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Four-year-old recites 'I have a dream' speech for Bingman Head Start black history program

He's excited to relieve his performance with his mom when he gets home.

BEAUMONT, Texas — Little voices echoed through the Bingman Head Start cafeteria as the four and five-year-old students took on new personas.

The students were assigned prominent black historical figures, from civil rights pioneers and musicians, to inventors. One student playing Dr. Martin Luther King Jr. stole the show.

Cade Janise was assigned the role of Dr. King back in January. Since then, he's been practicing tirelessly to memorize the famous speech. Teachers, bus drivers, other school staff and his biggest cheerleader, his mom, all helped get him ready for the program.

Janise's mom was stuck at work for the performance, but his cousin, Reginald Arion, was there to support him.

"She made him memorize it and he got it down,"  Arion said.

Arion beamed with pride as he watched the speech Janise had been working on come to life on stage.

"It was such an honor for him getting picked," Arion said.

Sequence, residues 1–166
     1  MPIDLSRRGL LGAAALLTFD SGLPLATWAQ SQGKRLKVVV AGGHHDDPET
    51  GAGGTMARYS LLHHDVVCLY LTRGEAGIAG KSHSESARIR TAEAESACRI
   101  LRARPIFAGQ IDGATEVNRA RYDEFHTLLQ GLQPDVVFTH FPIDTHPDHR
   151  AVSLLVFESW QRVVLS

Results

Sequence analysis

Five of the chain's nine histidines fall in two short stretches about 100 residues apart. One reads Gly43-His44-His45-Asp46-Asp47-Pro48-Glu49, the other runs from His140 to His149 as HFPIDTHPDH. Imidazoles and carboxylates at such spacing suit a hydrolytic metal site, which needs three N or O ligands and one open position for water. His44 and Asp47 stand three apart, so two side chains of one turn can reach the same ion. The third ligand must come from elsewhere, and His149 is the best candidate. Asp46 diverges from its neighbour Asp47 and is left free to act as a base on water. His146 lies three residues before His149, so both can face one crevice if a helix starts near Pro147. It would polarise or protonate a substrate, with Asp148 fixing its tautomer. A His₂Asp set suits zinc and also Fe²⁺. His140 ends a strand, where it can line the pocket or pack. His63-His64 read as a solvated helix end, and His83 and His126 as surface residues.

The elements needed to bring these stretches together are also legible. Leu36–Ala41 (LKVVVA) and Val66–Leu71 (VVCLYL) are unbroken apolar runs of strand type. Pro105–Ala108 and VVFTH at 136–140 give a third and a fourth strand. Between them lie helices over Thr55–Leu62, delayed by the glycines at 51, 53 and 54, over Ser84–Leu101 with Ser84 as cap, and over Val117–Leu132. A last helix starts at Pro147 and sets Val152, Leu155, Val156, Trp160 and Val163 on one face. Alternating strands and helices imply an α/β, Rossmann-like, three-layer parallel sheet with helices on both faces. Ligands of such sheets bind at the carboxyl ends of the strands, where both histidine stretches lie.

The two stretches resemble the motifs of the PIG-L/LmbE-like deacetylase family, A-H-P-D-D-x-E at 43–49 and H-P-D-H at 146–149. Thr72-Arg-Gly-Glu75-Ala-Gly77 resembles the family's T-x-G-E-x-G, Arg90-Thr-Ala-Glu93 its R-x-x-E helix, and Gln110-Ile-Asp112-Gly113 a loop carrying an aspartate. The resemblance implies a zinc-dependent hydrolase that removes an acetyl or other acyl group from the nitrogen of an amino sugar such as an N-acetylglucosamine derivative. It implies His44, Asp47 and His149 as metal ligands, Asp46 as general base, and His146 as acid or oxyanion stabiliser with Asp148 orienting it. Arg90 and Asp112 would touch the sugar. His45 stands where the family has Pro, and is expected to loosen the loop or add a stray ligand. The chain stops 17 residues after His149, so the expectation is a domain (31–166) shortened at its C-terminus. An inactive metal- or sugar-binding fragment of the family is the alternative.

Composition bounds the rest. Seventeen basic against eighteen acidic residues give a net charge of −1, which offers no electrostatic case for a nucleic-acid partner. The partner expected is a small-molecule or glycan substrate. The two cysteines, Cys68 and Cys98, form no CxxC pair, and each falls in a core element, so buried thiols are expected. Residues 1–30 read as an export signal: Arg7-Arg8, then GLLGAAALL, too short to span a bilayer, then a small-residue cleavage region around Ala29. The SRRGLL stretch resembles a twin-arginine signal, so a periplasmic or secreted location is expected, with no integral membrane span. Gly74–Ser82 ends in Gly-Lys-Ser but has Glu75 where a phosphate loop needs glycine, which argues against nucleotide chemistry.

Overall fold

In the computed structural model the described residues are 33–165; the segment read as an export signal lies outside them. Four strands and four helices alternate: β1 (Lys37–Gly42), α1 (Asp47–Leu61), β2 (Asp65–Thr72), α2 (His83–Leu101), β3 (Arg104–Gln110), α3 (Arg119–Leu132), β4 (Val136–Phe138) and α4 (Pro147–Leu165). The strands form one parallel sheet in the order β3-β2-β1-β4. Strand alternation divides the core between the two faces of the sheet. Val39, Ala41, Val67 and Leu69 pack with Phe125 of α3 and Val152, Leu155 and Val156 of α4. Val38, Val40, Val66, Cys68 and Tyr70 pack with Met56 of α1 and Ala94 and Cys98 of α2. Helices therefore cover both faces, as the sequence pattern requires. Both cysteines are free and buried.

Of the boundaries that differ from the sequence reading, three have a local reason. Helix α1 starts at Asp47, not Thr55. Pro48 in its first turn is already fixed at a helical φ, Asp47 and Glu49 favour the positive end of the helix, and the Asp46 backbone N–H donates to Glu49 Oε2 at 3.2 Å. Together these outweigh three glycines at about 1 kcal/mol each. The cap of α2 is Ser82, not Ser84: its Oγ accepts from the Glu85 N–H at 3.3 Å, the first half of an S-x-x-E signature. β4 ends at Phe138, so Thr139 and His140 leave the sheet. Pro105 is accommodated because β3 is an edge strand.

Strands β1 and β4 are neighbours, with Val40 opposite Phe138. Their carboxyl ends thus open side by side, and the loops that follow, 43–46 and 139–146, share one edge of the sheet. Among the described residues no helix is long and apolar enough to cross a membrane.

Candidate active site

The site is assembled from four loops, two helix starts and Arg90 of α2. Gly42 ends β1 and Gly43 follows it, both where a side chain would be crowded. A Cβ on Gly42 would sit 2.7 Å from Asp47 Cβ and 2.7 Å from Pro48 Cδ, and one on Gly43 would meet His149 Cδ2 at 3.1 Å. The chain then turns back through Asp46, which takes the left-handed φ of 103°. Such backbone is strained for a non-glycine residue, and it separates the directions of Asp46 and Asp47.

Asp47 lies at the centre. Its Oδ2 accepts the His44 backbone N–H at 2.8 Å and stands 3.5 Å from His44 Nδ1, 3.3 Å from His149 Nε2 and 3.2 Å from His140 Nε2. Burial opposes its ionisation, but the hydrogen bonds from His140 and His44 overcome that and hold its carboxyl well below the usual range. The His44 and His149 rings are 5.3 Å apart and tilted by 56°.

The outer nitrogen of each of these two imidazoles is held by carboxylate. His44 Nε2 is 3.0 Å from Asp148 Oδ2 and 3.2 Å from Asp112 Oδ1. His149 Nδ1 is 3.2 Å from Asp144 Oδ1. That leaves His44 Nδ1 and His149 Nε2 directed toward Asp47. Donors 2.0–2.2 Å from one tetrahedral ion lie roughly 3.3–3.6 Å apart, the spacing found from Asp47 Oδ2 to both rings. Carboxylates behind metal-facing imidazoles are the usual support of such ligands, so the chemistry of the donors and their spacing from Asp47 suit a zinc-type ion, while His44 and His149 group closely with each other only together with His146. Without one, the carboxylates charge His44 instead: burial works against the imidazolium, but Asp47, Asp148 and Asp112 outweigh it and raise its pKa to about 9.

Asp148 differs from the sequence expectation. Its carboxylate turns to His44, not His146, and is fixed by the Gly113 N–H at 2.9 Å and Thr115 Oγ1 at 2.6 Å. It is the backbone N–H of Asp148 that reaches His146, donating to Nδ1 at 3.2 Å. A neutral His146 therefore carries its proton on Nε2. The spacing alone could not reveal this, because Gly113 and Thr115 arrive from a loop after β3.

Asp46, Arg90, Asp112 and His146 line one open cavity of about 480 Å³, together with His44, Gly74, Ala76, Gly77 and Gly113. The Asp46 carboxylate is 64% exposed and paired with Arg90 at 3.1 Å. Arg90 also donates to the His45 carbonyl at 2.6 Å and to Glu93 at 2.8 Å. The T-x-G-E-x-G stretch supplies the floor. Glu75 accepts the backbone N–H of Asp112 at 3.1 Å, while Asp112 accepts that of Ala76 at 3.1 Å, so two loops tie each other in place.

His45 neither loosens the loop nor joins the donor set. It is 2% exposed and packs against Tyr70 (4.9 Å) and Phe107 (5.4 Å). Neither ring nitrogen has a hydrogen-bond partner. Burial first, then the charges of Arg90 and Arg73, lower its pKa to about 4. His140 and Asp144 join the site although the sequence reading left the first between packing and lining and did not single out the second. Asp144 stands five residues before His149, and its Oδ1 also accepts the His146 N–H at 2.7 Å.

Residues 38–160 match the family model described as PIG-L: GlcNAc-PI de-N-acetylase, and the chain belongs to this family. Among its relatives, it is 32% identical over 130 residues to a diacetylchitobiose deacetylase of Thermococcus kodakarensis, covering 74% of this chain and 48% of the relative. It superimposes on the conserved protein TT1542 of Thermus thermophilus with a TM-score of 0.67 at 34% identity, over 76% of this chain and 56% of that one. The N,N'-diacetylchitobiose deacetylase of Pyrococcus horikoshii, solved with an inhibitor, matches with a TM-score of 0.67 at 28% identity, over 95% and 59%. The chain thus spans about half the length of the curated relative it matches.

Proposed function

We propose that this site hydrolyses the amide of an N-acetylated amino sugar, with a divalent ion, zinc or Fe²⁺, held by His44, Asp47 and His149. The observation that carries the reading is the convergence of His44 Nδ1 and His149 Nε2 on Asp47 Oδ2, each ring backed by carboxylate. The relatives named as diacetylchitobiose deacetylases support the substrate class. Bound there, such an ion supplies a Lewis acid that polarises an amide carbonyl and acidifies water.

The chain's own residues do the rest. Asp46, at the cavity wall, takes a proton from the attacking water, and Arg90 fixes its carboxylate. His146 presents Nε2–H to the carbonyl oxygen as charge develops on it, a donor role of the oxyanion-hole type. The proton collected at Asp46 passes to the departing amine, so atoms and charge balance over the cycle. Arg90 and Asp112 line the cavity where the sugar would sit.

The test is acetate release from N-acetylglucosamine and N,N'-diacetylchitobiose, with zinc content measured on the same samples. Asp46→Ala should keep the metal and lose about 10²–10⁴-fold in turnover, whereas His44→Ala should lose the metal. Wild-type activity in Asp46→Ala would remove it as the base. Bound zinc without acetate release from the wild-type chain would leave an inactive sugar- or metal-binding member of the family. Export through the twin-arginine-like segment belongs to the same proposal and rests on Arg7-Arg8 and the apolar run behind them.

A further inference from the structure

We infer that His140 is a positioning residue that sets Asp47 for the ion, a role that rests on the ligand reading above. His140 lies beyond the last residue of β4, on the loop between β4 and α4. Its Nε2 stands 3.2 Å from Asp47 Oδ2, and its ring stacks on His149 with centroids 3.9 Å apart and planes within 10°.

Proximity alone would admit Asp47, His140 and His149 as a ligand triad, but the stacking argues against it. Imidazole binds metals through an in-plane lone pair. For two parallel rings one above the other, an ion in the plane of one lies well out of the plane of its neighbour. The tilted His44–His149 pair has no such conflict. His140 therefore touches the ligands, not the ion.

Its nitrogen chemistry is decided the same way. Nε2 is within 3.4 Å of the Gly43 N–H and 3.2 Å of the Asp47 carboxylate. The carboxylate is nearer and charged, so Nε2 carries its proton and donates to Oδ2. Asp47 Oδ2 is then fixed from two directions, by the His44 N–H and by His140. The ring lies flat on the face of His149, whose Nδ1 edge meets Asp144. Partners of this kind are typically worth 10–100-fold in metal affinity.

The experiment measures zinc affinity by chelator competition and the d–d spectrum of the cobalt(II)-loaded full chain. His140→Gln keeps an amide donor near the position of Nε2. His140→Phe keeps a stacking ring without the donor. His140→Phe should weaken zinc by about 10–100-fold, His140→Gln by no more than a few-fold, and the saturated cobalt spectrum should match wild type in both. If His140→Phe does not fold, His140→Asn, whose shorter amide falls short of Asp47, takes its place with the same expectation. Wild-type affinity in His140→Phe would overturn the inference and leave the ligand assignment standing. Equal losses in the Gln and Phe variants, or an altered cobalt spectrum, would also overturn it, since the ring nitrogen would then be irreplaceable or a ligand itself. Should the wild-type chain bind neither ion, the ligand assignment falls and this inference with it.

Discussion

Patricia Jackson is the literacy lab clerk at Bingman. She helped organize the program.

Jackson said they start passing out parts at the end of January to give the kids time to learn them. They recruit everyone that interacts with the kids at school to help them along the way.

They do the program every year, and choose a new theme using the same prominent figures. They are typically people that the teachers are talking to the kids about, like Garrett Morgan, Martin Luther King Jr., Rosa Parks, and Harriet Tubman, to name a few.

This year's theme was the world is a rainbow.

"Because our school is made of different cultures," Jackson said.

Jackson was ecstatic to see the performance come together Thursday morning.

"The students did an excellent job, I'm really proud of Dr. Martin Luther King," Jackson said.

Jackson said Janise had the longest part in the program, especially for a four or five-year-old.

After a long month of learning, Janise couldn't wait to get back to class after the program. He's excited to relieve his performance with his mom when he gets home.

"She will be like, 'is my son on the news?,'" Janise said.